There’s no escaping food itself or American culinary trends in my new novel, What’s Left – not when the family’s livelihood and fortune are built around their landmark restaurant. What I did, however, escape is a story relating the day-to-day cartoon sequences of a kitchen demimonde of cooks, dishwashers, and wait staff, out of sight in the back, and the quirky demands of customers beyond the swinging service door and long countertop, out in front. My daughter, a pro in the hospitality industry, already has a fine draft of a novel addressing those, thank you. Besides, I touched on some of those incidents in the opening chapters of my novel, Promise.
Since my new work grows out of a template established at the ending of my first published novel, where her parents’ generation is already immersed in change, it seemed natural to have them look toward innovation and evolution rather than remain tradition-bound in hamburgers and fried chicken. For one thing, they were toying with Buddhism, with its vegetarian traditions.
Let me say simply that the possibilities have led to many heated discussions in our household, married as I am to a well-informed foodie and genius cook in her own right. And that’s before we get to the aforesaid daughter.
In the time since Cassia’s parents’ marriage, the awareness of food options and availability of ingredients in America has advanced by light years.
It’s prime time for hot soup. We’re not talking about anything out of a can or a package dropped into boiling water. These are the ones made with fresh ingredients – or things you froze in season for use later. Probably with a good homemade stock, too.
Tomato. Seriously, my wife’s is always a hit – and the glutten-free, lactose-intolerant, or vegans aren’t left out of the pleasure. Our secret ingredient is the tomatoes we cook down and stick in the big freezer in high summer in anticipation of this.
Potato-leek. Simply comforting. Again, with our own leeks. Storing them through winter is a special challenge – so far, we find peat moss works best in buckets placed at the back of the cellar.
Split pea and/or lentils. I imagine there are whole cookbooks devoted to the possibilities.
Ramen. Remember, Japan created restaurants purely for this. Forget that cheap stuff in the plastic bag – though if you do, add tofu, the way we do.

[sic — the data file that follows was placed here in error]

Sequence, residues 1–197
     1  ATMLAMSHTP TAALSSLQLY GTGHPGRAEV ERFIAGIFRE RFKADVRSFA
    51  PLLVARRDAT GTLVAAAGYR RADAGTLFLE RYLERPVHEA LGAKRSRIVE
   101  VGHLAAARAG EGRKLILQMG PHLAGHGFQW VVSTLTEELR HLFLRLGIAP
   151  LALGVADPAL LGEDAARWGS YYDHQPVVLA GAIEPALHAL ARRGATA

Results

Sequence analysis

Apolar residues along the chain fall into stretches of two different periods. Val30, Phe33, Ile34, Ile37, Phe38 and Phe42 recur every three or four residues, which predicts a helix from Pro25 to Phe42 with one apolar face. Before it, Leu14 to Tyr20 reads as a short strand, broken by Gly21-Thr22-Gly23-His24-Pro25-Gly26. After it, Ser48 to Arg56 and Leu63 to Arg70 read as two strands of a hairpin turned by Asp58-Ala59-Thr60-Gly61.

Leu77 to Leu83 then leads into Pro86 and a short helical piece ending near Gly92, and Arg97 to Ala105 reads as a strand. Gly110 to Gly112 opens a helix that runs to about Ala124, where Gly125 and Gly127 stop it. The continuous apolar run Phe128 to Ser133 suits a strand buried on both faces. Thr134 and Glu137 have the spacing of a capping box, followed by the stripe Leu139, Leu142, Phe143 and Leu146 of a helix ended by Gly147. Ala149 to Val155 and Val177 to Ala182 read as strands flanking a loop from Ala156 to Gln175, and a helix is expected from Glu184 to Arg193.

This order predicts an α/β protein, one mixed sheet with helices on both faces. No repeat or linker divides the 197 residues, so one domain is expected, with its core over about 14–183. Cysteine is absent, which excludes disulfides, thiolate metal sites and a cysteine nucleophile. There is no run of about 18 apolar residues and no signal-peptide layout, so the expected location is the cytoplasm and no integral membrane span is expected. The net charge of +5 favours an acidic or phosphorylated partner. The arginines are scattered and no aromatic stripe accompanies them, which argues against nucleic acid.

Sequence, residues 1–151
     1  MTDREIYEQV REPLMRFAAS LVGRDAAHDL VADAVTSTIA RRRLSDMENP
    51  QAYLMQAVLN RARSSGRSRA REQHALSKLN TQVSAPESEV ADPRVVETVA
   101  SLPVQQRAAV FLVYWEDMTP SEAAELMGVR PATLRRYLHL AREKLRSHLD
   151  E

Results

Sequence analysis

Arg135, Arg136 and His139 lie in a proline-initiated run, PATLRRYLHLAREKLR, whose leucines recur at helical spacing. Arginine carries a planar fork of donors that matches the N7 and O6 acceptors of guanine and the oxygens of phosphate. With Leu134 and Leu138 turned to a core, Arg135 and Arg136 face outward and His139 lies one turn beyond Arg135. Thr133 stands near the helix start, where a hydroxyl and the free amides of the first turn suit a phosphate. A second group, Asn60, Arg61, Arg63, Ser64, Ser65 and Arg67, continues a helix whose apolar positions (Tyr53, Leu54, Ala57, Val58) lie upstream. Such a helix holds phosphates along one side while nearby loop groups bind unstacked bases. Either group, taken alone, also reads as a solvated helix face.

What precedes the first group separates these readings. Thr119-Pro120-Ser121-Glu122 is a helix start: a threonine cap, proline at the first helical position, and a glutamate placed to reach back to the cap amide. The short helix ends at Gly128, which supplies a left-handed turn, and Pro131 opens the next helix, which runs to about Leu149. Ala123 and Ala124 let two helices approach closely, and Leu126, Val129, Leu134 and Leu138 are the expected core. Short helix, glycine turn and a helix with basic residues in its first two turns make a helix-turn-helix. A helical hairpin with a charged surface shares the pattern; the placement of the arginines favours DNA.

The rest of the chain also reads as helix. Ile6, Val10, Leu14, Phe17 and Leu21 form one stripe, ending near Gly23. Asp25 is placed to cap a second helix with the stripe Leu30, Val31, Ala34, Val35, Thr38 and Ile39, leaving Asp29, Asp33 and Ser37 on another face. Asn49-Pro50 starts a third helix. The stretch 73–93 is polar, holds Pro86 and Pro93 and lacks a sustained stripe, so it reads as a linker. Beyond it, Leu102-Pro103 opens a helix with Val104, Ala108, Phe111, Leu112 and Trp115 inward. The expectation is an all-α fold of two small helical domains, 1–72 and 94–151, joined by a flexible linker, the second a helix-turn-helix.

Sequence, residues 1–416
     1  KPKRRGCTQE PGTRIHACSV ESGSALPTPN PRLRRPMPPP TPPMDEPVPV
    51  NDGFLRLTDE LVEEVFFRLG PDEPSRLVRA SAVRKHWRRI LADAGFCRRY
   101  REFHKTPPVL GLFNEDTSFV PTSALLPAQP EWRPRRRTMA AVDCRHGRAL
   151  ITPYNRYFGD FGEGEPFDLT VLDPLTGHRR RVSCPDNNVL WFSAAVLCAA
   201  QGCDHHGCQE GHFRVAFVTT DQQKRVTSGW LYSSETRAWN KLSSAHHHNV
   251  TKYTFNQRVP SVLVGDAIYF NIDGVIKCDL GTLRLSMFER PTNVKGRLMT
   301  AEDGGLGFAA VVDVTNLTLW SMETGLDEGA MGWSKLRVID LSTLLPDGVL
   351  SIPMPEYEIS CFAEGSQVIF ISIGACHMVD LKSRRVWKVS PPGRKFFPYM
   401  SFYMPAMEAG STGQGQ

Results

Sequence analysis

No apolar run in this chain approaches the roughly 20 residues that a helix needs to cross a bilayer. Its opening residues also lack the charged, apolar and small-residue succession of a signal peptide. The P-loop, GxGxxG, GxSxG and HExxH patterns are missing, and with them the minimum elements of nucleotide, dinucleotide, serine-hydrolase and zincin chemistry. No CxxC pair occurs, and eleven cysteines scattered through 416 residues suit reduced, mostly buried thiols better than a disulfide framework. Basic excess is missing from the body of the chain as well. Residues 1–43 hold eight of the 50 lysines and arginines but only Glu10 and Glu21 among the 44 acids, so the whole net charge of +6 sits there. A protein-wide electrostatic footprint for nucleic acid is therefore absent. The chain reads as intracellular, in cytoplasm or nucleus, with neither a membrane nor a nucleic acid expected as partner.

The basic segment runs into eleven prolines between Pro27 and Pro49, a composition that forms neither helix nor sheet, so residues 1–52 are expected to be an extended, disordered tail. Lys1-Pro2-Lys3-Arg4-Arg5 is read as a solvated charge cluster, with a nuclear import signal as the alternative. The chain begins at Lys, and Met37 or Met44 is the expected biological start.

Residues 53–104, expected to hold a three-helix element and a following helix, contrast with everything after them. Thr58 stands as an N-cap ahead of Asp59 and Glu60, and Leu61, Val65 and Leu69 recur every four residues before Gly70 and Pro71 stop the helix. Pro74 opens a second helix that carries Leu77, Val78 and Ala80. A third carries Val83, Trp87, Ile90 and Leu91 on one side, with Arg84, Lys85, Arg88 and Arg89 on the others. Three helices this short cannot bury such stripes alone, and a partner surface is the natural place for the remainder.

Pho. A hearty Vietnamese dinner in a wondrously big bowl.
Seafood, meaning clam chowder or lobster bisque. (OK, that’s two. I just love both.)
Hot and sour. Fresh Chinese bamboo shoots can make a world of difference.
White bean. Last one I had was an Iranian version with lamb’s neck and another eight or nine ingredients. It was heavenly. Or you can stick to a hambone. Just don’t disparage good beans, OK? (Well, let’s add a footnote for turtle black beans, especially as a great Cuban bowl.)
Ravioli. Yes, as a soup. Slurp ’em up!
Asparagus. We put those stems we cut off to work later.
Well, India’s Mulligatawany belongs on the list, too. I doubt we’re done here yet.
In my new novel, What’s Left, her great-grandparents parlay a hot dog shop into the purchase of a burger-and-fries joint at the edge of campus. Carmichael’s is a local landmark, even before her family takes over. And then they start buying up neighboring properties.
Her parents’ generation boldly sets out to enlarge on that base. They even buy out a dusty textbook store next door without quite knowing how it will fit into their business model.
Thanks to everyone who responded to my earlier invitation for comments regarding a few possible covers for my newest novel.
The survey ended in mixed results and prompted some heated in-house discussion, ultimately sending me back to the drawing board for a more compelling design.
Just what do we want as a cover, anyway? Are people’s faces a help or a distraction? Does a jacket work best if it somehow reflects a scene in the story, as my earlier mock-ups attempted to suggest? Or is reaching for a less constrained, emotional reaction more effective?
As you see, I’ve opted for the later. Here the image invokes a sense of being broken out from a protected shell and falling through space. It’s also appropriate for a family that owns a restaurant – food being a theme running throughout the story. Will this cover encourage a browser to open the book to discover, in effect, just what happens to the yolk? Where it will land?
That, of course, is my goal. To see if it fits, go to Smashwords, where you can order your own Advance Reading Copy for free. The offer will expire after 90 days, when the first edition comes out at $4.95, so act now.
Your early reactions will be most welcome in preparing for that release.